This year, UGA worked with the VRI vendor to make the system easier for farmers to use. Instead of having to create computer maps of fields, the new VRI has a simple “push-button” feature.

A farmer can start the center pivot over a field. When it gets to a location he doesn’t want to apply water, such as a wooded or wet area or a pond, the farmer pushes the button to train the system not to water that area. Once the system passes this area, he pushes the button again to resume watering only the crop. This can be done in as many as eight locations in the same field.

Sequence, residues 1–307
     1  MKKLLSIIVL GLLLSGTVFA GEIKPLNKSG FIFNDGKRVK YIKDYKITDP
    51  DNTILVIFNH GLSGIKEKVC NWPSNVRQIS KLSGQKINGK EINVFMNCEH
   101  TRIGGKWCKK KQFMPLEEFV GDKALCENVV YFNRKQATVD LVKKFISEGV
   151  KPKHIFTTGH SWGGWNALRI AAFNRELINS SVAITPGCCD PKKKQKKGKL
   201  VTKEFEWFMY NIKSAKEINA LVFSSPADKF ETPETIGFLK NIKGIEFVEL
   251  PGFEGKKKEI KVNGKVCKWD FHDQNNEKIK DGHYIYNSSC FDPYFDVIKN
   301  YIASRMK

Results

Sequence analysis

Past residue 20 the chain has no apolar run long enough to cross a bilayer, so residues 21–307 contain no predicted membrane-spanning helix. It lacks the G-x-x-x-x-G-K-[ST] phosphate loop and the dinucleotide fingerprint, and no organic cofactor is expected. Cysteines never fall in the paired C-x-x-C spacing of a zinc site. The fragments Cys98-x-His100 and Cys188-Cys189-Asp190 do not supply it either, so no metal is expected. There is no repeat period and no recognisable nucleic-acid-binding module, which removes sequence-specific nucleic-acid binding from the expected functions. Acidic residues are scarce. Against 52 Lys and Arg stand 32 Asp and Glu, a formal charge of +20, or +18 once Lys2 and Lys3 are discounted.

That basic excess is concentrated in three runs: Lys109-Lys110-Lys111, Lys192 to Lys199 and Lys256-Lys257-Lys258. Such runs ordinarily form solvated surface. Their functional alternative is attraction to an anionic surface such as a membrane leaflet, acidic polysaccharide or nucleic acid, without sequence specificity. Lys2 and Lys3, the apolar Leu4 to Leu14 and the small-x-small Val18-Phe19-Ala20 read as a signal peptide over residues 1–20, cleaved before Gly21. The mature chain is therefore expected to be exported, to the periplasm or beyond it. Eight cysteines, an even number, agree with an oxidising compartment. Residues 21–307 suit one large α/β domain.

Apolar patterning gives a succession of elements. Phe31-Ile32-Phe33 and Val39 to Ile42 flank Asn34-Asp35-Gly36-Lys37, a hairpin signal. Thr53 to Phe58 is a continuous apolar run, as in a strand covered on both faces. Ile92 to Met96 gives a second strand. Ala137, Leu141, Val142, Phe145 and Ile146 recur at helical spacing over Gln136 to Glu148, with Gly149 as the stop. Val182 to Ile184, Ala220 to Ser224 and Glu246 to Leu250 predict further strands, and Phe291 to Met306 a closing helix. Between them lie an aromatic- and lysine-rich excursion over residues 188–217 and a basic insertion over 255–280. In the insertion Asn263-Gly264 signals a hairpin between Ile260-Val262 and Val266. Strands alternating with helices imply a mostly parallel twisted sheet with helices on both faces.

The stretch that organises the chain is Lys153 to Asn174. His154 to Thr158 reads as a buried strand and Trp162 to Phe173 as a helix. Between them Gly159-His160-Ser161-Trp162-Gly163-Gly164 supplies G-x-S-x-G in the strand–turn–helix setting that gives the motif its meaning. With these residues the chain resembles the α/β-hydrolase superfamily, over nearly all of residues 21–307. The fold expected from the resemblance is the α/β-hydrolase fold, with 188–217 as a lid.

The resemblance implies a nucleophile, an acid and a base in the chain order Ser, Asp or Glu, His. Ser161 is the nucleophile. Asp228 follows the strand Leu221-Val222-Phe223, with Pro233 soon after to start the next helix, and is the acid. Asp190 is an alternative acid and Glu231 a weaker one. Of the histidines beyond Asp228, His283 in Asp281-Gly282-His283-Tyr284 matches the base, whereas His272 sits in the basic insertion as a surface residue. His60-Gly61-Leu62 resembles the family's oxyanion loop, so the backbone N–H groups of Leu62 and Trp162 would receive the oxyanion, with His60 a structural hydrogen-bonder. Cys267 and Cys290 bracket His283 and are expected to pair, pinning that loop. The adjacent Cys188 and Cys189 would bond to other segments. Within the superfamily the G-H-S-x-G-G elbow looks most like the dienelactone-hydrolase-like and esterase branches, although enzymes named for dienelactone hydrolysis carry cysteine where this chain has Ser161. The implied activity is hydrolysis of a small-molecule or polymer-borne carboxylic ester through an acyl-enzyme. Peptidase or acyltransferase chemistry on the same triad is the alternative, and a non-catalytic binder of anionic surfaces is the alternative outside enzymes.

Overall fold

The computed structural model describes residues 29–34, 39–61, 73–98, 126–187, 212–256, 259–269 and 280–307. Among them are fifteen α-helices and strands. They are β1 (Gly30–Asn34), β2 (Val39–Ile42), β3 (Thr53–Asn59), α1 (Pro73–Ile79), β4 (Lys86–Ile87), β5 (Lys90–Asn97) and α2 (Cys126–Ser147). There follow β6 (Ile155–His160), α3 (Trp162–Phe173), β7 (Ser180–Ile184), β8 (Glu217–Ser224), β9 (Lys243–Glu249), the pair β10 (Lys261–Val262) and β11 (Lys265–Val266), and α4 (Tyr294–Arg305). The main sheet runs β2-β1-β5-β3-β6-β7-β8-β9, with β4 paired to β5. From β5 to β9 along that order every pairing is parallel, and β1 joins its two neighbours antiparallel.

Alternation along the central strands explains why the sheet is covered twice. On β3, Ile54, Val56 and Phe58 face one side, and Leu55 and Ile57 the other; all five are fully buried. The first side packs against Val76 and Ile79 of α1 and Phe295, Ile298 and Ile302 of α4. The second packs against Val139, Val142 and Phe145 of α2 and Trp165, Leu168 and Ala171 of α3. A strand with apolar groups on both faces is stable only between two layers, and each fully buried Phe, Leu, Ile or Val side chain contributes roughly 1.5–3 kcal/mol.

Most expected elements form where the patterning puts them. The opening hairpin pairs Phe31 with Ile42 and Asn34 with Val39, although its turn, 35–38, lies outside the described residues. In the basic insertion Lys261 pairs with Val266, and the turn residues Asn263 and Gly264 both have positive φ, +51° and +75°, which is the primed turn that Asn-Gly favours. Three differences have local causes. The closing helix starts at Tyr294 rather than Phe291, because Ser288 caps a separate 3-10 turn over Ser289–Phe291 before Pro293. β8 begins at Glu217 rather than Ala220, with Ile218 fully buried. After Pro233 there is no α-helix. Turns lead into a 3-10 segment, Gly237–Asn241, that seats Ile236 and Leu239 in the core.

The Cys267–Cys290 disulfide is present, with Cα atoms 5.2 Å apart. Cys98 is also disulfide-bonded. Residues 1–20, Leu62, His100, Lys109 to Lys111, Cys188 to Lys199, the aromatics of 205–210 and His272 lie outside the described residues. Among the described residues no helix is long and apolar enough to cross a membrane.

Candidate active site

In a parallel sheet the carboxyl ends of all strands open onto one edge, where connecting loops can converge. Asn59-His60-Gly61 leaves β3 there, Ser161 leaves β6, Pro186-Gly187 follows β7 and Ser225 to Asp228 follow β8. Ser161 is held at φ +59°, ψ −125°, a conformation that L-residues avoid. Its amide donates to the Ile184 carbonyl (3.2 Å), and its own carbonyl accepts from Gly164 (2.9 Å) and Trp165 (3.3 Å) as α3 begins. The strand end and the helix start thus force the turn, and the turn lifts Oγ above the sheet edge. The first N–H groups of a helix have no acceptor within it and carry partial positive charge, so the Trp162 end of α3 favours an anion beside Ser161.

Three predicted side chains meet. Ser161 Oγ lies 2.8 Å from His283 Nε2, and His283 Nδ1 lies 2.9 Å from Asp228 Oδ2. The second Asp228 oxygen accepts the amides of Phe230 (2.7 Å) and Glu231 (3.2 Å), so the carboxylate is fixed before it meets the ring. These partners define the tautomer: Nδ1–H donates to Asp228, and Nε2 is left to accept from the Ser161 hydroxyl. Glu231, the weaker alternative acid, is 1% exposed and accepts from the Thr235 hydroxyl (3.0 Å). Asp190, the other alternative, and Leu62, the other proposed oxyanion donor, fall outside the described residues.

“A lot of growers want to irrigate more precisely, but don’t have the time or comfort level with higher-tech gadgets,” Perry said. “We thought it’d be good to back up and simplify it a bit. … eliminate some of the more time-consuming technology steps.”

UGA scientists have tested the water efficiency of VRI on farms in Georgia. It can reduce the water use in a field by as much as 15 percent annually without sacrificing crop yield.

The VRI equipment is expensive, about $5,000 for a modular, limited system and up to $30,000 for a large, full system, Perry said.

A partnership with The Nature Conservancy, UGA and the Flint River Soil and Water Conservation District is working to bring down the cost for Flint River farmers in southwest Georgia by supplementing their contributions with a variety of grants and federal funding sources, including the USDA Natural Resources Conservation Service.

The hope is that future economies of scale will put the VRI system within reach of other farmers, Perry said.